A major bridge connecting Memphis, Tennessee, to Arkansas reopened to traffic in both directions on Monday afternoon, nearly three months after a crack forced its closure, the Arkansas Department of Transportation announced in a tweet.
The Hernando DeSoto Bridge, which carries Interstate 40 over the Mississippi River, was shut down for repairs May 11 after a routine inspection found a structural crack.
The 3.3-mile bridge was built in the late 1960s to early 1970s and, as one of only two Mississippi River crossings in the Memphis area, carries about 60,000 vehicles daily, according to the Tennessee Department of Transportation.
The crack was discovered within the elements of a steel box beam, the state said.
The Tennessee Department of Transportation said in a news release last week that repair workers were expected to have finished their work by Friday. All eastbound lanes had been expected to reopen at 6 a.m. Monday once workers removed their equipment and platforms from that side, followed by the westbound lanes.
The equipment removal was expected to happen one side at a time because this is “the safest scenario for the workers,” the release reads.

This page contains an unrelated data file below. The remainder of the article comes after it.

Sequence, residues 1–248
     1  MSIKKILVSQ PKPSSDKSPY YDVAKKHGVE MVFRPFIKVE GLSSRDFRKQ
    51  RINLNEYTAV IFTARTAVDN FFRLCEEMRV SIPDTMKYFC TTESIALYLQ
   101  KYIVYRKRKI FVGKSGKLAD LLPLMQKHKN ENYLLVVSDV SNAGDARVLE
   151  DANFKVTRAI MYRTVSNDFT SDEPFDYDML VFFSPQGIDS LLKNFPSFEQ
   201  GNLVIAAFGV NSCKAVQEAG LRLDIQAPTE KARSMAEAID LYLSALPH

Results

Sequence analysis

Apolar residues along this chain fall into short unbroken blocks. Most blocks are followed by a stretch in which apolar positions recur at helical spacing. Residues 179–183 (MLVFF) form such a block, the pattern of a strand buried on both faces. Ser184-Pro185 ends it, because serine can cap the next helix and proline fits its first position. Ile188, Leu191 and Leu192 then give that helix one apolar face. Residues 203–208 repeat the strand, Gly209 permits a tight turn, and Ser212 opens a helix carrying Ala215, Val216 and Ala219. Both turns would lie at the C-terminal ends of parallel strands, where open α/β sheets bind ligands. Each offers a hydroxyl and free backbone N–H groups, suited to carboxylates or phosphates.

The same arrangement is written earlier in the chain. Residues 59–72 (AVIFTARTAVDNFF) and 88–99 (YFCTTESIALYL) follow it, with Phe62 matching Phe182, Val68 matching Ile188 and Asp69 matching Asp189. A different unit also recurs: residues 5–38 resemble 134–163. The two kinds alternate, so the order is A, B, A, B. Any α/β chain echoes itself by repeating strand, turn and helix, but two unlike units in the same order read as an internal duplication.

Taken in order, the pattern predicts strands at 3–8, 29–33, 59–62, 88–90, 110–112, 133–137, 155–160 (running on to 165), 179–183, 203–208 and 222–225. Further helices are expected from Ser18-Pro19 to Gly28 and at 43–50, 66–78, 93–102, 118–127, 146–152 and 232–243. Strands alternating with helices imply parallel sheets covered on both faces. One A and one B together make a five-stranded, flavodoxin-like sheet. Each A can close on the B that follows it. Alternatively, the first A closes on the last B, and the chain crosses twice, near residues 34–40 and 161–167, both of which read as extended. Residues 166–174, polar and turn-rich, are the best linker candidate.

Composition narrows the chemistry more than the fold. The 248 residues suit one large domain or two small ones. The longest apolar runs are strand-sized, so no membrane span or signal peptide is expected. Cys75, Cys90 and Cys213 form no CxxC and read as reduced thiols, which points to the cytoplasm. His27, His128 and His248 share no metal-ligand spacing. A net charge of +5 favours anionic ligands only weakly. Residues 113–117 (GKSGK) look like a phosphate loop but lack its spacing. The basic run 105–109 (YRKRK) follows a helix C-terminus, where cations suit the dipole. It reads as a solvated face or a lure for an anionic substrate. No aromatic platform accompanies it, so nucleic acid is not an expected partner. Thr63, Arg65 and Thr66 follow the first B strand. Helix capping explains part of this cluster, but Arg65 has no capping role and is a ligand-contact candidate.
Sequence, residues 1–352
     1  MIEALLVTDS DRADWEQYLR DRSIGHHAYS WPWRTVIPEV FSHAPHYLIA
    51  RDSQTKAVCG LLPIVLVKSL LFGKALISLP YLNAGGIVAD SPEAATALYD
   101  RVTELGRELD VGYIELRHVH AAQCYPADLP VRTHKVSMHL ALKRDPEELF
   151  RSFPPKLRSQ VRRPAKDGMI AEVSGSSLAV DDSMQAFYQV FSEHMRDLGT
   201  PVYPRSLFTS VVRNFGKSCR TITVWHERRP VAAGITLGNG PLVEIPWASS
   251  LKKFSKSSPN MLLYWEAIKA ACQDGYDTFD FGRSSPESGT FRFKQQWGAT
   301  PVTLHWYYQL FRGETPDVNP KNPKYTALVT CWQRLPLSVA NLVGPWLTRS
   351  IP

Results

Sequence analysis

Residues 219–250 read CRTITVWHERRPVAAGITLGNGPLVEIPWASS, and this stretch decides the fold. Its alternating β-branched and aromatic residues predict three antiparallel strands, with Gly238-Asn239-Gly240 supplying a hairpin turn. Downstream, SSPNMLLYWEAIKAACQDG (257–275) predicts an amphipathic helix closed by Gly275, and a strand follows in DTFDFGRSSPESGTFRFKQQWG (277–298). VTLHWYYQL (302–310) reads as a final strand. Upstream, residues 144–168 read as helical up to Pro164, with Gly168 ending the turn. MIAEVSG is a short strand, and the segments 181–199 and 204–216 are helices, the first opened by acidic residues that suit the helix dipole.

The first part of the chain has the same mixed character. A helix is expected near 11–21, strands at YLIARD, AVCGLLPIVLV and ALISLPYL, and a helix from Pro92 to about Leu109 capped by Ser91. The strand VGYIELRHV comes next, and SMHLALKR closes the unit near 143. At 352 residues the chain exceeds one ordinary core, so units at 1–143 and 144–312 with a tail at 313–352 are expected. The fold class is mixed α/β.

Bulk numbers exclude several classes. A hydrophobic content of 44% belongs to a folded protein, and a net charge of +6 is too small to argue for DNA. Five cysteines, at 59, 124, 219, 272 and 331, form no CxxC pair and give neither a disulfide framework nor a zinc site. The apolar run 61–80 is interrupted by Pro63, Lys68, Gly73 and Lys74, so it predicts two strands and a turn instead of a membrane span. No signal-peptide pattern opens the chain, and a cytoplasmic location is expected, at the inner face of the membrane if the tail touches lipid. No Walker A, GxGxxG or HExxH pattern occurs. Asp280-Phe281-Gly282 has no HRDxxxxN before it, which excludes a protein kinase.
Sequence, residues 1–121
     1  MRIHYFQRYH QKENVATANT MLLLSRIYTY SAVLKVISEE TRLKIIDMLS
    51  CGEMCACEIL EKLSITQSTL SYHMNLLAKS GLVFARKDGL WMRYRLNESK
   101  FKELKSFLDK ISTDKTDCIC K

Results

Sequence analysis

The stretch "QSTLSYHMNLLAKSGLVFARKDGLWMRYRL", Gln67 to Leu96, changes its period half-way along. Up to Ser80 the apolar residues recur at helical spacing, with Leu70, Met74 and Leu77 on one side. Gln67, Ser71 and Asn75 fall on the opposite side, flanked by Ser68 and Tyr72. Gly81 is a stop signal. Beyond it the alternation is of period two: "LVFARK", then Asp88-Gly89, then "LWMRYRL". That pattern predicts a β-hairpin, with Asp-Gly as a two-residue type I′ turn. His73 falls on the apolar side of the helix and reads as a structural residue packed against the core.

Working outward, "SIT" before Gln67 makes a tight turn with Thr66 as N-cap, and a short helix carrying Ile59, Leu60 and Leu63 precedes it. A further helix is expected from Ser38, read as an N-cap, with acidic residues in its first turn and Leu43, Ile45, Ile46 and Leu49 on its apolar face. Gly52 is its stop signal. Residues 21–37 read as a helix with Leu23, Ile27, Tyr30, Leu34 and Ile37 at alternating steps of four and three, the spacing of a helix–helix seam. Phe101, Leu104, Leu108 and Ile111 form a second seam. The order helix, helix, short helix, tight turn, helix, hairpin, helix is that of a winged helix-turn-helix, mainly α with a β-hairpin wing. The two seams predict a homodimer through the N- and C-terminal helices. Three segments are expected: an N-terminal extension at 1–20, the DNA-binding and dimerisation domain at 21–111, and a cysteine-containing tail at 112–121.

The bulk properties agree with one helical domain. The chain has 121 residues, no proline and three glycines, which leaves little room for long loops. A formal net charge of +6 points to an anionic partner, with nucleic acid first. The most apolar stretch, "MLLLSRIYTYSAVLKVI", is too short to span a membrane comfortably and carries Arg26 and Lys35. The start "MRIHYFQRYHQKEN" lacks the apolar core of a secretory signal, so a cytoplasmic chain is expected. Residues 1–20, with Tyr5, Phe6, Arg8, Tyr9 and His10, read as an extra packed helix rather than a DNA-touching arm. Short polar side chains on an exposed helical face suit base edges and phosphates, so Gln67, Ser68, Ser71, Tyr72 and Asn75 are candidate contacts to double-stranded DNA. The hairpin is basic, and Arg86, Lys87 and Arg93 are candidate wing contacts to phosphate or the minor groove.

“We know having the bridge closed has been incredibly inconvenient,” TDOT Commissioner Clay Bright said. “We appreciate the public’s patience while our team made the repairs and performed extensive inspections to ensure its structurally sound for many years to come.”
Both Arkansas and Tennessee share responsibility for the bridge, as ARDOT handles inspections and TDOT handles repairs, they said in a statement.
“Back in May, we speculated that it would be the end of July, first of August to work through all the phases needed to reopen the bridge,” Bright said.
“We did not know then what all would be involved, but what I do know is we have all been fortunate to have had a great team that personally took on this project and worked tirelessly to safely reopen the bridge as soon as possible.”
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